Published on July 30, 2011
Chris Andrews (left) and Mark Hiscock of Shanneyganock are preparing for their first Up the Pond pre-regatta show at Quidi Vidi Lake Tuesday. Hiscock says his recent 70-pound weight loss has made performing with the band easier. — Photo by Tara Bradbury/The Telegram
Published on July 30, 2011
Mark Hiscock of Shanneyganock — File Photo
Pre-Regatta show Up The Pond at Quidi Vidi Tuesday
When the members of Shanneyganock take to the stage at its first Up the Pond concert at Quidi Vidi Lake Tuesday, fans will notice there’s less of them.
Well, less of one of them, at least.
Longtime singer and accordion/mandolin/bouzouki player Mark Hiscock has lost more than 70 pounds since February, with no plans to stop his new health routine any time soon.
“It was from too many years of living too good, plus I’m not getting any younger,” Hiscock explained.
Hiscock, who said he’s always been husky, even as a child, said his weight often affected his musical performance. He’d lose his breath easily while singing, find it difficult to stand up for entire shows, and be so absolutely knackered once a gig was finished, he’d go straight to bed rather than hang out with the guys.
“Mark has missed a lot of what’s happened in this band because he’s had to go home to bed,” said bandmate Chris Andrews.
“He works hard, a lot harder than others, and he’d be completely destroyed after a show. It was taking a toll on him.”
Something clicked for Hiscock earlier this year when he went to get life insurance and was denied.
“They said, ‘We can’t accept you. You’ve got to lose 40 pounds and then re-apply,’” Hiscock said. “I thought, I know people who smoke to the hilt and they have life insurance.”
Hiscock signed up for Weight Watchers and once he started eating as per their point system, the weight started coming off. He’s made little changes, like trading fries for salad and whole eggs for just egg whites, but otherwise generally hasn’t cut out any specific foods; he just eats less of them. Thanks to a Weight Watchers app on his iPhone, Hiscock can find out the points value of any food before he decides what to eat — something that’s particularly useful when the band is on the road, with beer and pub food coming at them from all angles.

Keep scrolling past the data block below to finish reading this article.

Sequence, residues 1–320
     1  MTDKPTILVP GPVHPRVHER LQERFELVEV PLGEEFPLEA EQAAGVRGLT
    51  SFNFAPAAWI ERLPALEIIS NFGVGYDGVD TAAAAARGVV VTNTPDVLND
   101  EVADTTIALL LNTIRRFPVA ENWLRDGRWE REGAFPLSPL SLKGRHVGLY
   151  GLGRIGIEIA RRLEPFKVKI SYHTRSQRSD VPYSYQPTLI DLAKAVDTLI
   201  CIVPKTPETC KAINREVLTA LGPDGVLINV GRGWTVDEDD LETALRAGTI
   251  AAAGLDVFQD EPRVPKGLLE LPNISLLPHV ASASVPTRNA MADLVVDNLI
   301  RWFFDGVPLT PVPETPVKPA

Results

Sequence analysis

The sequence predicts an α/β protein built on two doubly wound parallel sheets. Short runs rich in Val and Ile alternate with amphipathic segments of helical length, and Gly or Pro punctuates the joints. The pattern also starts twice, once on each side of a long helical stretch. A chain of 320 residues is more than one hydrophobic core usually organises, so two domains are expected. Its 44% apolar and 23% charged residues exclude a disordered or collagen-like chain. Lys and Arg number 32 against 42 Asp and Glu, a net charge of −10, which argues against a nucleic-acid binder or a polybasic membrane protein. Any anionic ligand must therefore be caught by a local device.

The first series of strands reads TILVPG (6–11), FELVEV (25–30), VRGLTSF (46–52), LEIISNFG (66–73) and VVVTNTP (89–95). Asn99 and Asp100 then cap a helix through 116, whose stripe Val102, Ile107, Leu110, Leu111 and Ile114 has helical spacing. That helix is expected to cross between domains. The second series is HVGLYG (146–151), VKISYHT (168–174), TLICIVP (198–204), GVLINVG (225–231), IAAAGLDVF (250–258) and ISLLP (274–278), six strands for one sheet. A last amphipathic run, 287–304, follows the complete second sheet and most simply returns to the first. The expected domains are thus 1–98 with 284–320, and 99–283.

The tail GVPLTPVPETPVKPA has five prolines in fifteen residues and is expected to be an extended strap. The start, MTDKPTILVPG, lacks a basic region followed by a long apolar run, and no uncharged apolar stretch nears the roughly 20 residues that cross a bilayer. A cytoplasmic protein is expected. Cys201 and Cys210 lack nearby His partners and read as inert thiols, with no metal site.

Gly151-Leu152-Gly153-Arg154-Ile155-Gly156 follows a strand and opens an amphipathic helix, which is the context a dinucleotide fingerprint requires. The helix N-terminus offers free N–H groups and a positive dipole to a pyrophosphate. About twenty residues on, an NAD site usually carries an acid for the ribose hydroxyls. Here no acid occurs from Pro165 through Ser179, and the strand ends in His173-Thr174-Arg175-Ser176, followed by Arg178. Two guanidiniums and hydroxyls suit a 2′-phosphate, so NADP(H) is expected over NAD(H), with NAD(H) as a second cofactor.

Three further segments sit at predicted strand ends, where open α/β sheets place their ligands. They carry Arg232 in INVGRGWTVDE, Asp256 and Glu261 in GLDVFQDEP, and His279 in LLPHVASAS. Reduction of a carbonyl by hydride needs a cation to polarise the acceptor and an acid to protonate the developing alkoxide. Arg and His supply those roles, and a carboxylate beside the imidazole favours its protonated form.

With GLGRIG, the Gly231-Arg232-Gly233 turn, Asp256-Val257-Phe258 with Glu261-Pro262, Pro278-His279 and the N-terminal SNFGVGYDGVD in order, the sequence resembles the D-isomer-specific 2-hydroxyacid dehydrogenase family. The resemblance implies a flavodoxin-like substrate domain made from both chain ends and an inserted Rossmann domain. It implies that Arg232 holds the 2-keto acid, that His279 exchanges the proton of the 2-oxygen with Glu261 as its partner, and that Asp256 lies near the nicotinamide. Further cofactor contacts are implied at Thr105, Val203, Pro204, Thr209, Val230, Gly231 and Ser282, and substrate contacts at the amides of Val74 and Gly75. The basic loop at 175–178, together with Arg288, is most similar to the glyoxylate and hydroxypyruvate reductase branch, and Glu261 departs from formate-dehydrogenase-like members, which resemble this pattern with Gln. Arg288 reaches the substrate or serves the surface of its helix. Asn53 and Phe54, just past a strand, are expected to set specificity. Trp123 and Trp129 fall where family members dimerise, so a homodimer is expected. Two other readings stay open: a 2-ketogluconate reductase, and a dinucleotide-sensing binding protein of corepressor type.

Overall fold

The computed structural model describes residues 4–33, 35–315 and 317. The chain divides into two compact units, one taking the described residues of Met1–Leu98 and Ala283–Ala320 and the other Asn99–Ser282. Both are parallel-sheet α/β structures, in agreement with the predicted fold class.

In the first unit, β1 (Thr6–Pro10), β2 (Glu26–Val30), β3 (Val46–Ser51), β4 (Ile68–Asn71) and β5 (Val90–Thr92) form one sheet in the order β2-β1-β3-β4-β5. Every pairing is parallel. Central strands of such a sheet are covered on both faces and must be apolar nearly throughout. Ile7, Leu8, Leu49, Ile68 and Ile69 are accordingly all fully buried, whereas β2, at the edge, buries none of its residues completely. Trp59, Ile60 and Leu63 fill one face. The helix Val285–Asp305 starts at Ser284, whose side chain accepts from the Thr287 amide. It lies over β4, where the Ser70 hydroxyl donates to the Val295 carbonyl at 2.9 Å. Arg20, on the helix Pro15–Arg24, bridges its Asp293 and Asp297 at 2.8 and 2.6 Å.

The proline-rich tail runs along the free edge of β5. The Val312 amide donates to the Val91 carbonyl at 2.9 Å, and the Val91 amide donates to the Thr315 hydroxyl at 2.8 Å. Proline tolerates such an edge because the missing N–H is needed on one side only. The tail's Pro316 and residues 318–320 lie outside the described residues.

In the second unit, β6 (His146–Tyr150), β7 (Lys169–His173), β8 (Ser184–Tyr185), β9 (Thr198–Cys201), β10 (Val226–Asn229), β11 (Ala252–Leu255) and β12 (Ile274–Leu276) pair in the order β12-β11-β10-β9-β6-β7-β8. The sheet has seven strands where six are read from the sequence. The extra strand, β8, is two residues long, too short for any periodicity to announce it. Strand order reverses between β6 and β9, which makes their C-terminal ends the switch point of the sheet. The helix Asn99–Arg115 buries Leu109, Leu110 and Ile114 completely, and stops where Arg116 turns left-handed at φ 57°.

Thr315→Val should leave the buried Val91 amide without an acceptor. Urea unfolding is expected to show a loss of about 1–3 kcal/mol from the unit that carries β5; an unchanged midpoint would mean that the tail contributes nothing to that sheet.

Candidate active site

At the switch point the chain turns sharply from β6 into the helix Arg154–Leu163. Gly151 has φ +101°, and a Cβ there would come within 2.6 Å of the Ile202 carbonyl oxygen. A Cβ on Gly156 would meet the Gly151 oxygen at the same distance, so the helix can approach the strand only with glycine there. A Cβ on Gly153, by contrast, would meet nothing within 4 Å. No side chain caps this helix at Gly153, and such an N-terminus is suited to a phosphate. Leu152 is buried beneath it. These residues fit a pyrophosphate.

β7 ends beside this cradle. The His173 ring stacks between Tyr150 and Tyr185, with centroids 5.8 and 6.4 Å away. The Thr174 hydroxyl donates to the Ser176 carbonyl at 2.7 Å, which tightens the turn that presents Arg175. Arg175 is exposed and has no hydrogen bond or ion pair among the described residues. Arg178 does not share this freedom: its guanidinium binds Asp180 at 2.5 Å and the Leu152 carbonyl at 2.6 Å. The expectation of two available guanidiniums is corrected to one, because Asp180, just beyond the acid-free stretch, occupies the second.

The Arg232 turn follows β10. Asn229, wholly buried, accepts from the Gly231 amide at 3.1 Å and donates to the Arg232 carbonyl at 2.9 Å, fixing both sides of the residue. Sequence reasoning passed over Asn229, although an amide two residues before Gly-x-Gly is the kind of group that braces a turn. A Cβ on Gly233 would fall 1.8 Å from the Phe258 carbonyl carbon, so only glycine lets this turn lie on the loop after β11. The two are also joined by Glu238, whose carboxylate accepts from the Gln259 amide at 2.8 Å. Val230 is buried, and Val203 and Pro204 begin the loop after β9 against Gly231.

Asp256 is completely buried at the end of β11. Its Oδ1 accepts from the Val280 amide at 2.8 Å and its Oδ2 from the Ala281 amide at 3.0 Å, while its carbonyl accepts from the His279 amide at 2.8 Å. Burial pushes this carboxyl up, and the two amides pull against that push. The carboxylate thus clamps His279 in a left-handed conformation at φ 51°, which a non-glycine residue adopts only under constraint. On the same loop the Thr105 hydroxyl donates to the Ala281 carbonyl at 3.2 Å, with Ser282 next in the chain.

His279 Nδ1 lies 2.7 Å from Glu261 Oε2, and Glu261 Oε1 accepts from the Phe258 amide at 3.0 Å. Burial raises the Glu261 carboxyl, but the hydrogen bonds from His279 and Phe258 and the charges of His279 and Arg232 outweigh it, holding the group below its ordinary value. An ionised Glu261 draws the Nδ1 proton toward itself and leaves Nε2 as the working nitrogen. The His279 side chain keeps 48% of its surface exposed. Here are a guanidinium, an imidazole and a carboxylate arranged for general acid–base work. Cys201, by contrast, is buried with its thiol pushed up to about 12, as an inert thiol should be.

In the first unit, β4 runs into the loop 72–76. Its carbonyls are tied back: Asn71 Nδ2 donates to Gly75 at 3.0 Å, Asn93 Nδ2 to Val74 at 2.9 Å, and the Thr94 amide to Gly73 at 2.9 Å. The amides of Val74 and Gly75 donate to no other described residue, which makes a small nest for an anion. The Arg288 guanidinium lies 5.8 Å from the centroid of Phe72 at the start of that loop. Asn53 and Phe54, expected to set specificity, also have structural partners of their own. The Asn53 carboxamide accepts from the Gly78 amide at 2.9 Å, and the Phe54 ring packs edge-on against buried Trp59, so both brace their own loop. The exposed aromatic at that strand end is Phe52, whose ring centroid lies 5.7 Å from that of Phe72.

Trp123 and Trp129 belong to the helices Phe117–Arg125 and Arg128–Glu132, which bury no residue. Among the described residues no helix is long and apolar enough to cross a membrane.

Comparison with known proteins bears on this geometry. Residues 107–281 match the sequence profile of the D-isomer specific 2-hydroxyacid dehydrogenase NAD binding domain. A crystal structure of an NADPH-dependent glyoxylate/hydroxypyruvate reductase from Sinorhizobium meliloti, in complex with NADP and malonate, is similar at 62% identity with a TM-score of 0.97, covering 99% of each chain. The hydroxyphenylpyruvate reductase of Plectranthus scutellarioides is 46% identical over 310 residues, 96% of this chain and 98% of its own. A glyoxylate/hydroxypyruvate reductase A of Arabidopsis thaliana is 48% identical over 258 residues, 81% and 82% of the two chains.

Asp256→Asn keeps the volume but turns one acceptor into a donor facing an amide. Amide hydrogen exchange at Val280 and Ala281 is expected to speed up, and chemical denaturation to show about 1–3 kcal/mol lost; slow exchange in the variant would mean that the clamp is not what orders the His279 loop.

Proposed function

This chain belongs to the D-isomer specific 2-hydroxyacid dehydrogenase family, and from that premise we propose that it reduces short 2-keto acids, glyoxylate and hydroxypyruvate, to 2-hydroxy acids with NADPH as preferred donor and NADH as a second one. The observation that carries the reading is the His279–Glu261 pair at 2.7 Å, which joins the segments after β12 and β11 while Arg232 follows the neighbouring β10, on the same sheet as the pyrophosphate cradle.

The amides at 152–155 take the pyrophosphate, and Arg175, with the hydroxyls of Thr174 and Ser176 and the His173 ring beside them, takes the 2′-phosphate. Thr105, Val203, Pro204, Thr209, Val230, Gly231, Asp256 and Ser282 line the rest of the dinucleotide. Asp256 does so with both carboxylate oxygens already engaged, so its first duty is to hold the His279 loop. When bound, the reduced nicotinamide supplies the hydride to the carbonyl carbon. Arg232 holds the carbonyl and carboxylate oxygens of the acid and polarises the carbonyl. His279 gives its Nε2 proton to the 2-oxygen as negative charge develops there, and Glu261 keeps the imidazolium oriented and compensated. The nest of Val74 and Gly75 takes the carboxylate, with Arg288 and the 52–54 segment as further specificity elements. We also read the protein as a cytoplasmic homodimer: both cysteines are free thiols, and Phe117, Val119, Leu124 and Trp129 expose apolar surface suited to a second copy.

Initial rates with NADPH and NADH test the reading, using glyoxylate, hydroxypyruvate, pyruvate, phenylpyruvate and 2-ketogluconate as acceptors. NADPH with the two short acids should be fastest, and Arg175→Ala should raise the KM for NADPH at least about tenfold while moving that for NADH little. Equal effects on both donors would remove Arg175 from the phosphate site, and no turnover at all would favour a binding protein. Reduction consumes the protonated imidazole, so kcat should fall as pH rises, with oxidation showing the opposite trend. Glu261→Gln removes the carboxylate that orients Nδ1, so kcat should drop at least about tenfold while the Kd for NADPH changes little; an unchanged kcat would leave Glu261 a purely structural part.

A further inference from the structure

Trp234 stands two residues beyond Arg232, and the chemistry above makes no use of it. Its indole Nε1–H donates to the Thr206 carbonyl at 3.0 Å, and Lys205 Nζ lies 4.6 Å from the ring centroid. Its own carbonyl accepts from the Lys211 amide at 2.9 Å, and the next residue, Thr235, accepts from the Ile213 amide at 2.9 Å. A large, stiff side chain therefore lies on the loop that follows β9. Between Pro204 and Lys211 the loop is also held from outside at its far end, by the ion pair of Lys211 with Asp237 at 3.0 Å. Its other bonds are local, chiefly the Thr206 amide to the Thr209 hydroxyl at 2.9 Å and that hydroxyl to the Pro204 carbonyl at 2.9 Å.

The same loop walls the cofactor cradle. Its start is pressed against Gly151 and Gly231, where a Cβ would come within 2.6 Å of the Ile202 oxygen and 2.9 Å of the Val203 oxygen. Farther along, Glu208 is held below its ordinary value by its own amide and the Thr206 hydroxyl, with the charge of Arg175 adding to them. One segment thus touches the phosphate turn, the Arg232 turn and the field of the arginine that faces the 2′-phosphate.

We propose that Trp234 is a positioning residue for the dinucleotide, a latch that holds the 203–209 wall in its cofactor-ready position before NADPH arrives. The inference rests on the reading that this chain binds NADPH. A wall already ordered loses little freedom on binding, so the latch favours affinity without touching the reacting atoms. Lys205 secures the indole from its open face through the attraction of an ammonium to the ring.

“Whoever thought that a piece of steak could be that big,” Hiscock said, laughing, looking at the palm of his hand.
Hiscock, who said he couldn’t walk the length of the harbourfront before without feeling short-winded, walks at least five kilometres a day. If the weather’s bad, he exercises indoors using his Wii. So far, he’s gone from a size 54 to 44 waist in pants, and can fit into size XL shirts.
“I was 20 years old when I last fit into that size,” Hiscock said, chuckling.
When it comes to performing, Hiscock finds he has more energy. Though his voice hasn’t changed due to his weight loss, his lung capacity has increased and his voice is therefore stronger, he said.
He hasn’t yet met his weight goal — and has no set deadline to do so — but has already inspired others to choose a healthier lifestyle, including fans on Facebook, some of whom wish him luck before each weigh-in, and have followed his lead in committing to losing weight themselves.
“I don’t ever want to go back,” Hiscock said. “Knowing where I was and where I can be, I never want to be like that again. It makes you feel great; it’s an accomplishment.”
Andrew said the rest of Shanneyganock is proud of Hiscock.
“It’s been nothing but positive, for all of us,” he said.
Together for about 16 years, Shanneyganock started out playing traditional Newfoundland music and original ballads and shanties in local pubs. These days, they’ve got eight albums, five MusicNL awards and a 2008 East Coast Music Award under their (shrinking) belts. They’ve just returned home from a tour of Alberta.
Shanneyganock has hosted a Christmas show at the Delta Hotel in St. John’s for the past six years, but this is the first time for Up the Pond, which will see them performing a pre-regatta show Tuesday evening for ages 19 and older, with special guests Spirit of the West and local rock band Traces in the parking lot on the north side of the lake, across from the Royal Canadian Legion.
“This is something we’ve talked about doing for years, and we’re not holding back on anything,” Andrews explained. “There’ll be big sound, big lights and really good bar prices.”
The band is planning to give a portion of the proceeds to the Royal St. John’s Regatta Committee and the Kinsmen, and is also making the event a fundraiser for the Community Food Sharing Network. Concert-goers are asked to bring a non perishable food item, and the total collection will be matched by Shanneyganock after the show.
Though it meant a lot of work — including organizing the closure of The Boulevard and renting portapotties — Hiscock and Andrews are excited for the event, and hope it will catch on.
“I’m positive it will be an annual thing,” Andrews said.
Up the Pond will happen rain or shine, with gates opening at 5 p.m. Tickets are available at the Mile One Centre box office or by calling 576-7657, or online at www.admission.com.